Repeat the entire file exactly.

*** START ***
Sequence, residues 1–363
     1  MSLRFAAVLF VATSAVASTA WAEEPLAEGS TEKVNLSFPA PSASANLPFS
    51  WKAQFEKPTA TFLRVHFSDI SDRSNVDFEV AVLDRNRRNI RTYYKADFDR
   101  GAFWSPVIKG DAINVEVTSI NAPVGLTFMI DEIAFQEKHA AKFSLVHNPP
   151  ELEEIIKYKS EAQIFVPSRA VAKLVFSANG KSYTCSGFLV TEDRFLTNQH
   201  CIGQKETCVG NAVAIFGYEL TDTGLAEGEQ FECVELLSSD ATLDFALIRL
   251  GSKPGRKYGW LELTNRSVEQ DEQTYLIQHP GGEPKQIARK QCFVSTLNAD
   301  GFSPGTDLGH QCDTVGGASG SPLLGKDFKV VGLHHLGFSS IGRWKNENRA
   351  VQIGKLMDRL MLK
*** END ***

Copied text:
Sequence, residues 1–363
     1  MSLRFAAVLF VATSAVASTA WAEEPLAEGS TEKVNLSFPA PSASANLPFS
    51  WKAQFEKPTA TFLRVHFSDI SDRSNVDFEV AVLDRNRRNI RTYYKADFDR
   101  GAFWSPVIKG DAINVEVTSI NAPVGLTFMI DEIAFQEKHA AKFSLVHNPP
   151  ELEEIIKYKS EAQIFVPSRA VAKLVFSANG KSYTCSGFLV TEDRFLTNQH
   201  CIGQKETCVG NAVAIFGYEL TDTGLAEGEQ FECVELLSSD ATLDFALIRL
   251  GSKPGRKYGW LELTNRSVEQ DEQTYLIQHP GGEPKQIARK QCFVSTLNAD
   301  GFSPGTDLGH QCDTVGGASG SPLLGKDFKV VGLHHLGFSS IGRWKNENRA
   351  VQIGKLMDRL MLK